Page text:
2 CORINTHIANS 8:9
For you know the grace of our Lord Jesus Christ, that though He was rich, yet for your sakes He became poor, that you through His poverty might become rich.
During Advent we read through Christ’s birth narrative in Luke. In the King James translation, it is some of the most beautiful writing in the world. It has a little bit of almost everything: surprise…faithful obedience…pathos… suspense…sheep. And it’s got glory. Full throttle, wide-eyed, Oh Wow!-type GLORY!!!!Those who would usually be in heaven singing “Holy…Holy…Holy!” were down below singing “Glory be to God in the Highest, and on earth Peace, goodwill toward men.” The text tells us that a multitude of the heavenly host joined the first angel, praising God. They were down here celebrating Christ’s…humiliation.
Even before the incarnation, Christ was rich beyond anything we could possibly imagine. Our minds and language don’t have the thoughts or words to express it. He was God the Son even before He became man, equal in power and glory with the Father, Yahweh. But He gave up all of that richness to become poor for us. He became humble…He was humiliated.
The Westminster Shorter Catechism question 27 asks it this way: “Wherein did Christ’s humiliation consist?”
It answers: “Christ’s humiliation consisted in His being born, and that in a low condition, made under the law, undergoing the miseries of this life, the wrath of God, and the cursed death of the cross; in being buried, and continuing under the power of death for a time.”
The Catechism describes Christ’s humiliation as beginning in the manger of the Nativity and ending at the resurrection. It is a whole. The world, if they regard the nativity at all, sees only a cute baby in a manger, and much of the church seems to agree with them. We must understand that manger and cross are inseparable, and that the ‘cute baby’ is born crucified…for us. The little child of Bethlehem is also the Son of God going forth to war with Satan.
God’s glory is infrequently so manifestly revealed in Scripture. The nation Israel sees Yahweh’s glory upon the mountain, and is led by the glory-cloud through the wilderness. Moses sees the glory of God’s backside, and his face glows from the experience. The glory-cloud of God appears in the commissioning of the Tabernacle and Temple. But at all those times, the response of joy (or fear) is that of men. Only at the nativity do we see heaven itself celebrate. That should speak volumes to us about how truly glorious is Christ’s humiliation.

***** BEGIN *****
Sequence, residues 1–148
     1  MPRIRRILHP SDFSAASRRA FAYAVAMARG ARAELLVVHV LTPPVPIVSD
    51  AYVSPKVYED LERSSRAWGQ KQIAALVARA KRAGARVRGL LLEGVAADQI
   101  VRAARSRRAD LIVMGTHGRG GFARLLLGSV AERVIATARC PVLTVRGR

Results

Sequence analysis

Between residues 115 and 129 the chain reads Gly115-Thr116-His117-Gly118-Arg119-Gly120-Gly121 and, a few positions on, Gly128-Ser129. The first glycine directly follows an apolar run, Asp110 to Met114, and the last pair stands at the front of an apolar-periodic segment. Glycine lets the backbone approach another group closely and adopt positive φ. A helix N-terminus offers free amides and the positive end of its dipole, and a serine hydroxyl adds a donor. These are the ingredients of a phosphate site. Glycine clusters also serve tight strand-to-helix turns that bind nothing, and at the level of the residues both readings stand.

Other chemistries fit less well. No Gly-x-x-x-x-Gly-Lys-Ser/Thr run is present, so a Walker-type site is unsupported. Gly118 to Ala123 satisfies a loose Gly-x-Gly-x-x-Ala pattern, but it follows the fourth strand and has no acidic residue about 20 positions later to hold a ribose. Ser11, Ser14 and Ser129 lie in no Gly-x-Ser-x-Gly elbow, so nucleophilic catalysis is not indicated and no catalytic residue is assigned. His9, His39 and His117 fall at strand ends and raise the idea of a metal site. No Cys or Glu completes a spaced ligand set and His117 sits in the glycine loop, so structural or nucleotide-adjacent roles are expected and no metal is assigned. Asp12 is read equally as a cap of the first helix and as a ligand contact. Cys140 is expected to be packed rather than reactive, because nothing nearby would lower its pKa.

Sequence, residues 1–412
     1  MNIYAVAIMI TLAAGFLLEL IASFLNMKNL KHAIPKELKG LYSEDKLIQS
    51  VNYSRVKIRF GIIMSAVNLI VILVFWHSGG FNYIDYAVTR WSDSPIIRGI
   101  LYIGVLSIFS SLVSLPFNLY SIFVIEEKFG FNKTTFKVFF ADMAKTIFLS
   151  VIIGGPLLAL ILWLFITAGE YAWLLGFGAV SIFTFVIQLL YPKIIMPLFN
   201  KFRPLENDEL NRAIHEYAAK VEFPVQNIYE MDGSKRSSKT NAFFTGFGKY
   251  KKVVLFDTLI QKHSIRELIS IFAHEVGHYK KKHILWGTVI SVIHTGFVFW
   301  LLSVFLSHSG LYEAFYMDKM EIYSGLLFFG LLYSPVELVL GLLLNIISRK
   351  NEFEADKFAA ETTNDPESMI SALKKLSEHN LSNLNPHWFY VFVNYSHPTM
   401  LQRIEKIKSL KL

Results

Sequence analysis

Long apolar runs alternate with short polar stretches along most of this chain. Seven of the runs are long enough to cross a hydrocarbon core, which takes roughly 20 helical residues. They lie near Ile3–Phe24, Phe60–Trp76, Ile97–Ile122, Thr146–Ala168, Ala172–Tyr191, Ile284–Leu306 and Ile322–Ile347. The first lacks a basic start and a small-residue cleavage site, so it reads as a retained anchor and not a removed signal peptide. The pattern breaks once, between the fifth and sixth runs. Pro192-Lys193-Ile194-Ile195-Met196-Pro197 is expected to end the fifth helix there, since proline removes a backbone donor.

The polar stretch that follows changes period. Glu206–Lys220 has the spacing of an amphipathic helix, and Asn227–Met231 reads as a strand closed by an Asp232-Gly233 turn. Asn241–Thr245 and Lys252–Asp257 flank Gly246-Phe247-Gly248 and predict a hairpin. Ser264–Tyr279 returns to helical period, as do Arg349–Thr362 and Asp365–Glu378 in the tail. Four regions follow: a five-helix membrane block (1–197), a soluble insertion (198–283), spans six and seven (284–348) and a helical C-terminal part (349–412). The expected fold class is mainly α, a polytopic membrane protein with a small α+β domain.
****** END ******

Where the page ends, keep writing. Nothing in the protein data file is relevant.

—Pastor Tom Brainerd, Trinity Reformed Church, Edgewood, NM
Father, we join with the angel chorus in praising You for Your covenant faithfulness. By Your Holy Spirit enable us to comprehend that which You have revealed to us in the coming of Christ at Christmas. May we and Christ’s whole church look past the cuteness of the child in the manger and see the glory of Christ’s humiliation in your plan of redemption. AMEN
Sing (or read) Infant Holy, Infant Lowly and The Son of God Goes Forth to War.
The riches we possess bear no relationship to those Christ gave up for us. But absolutely everything we have and are has been given to us by God. Spiritually and materially, all of our riches are from Him. Consider with your family tangible ways in which you might give up some of your ‘riches’, whether money or time or even comfort, and take on some poverty in order to share the riches of Christ. We could all stand a little humiliation. It’s truly glorious.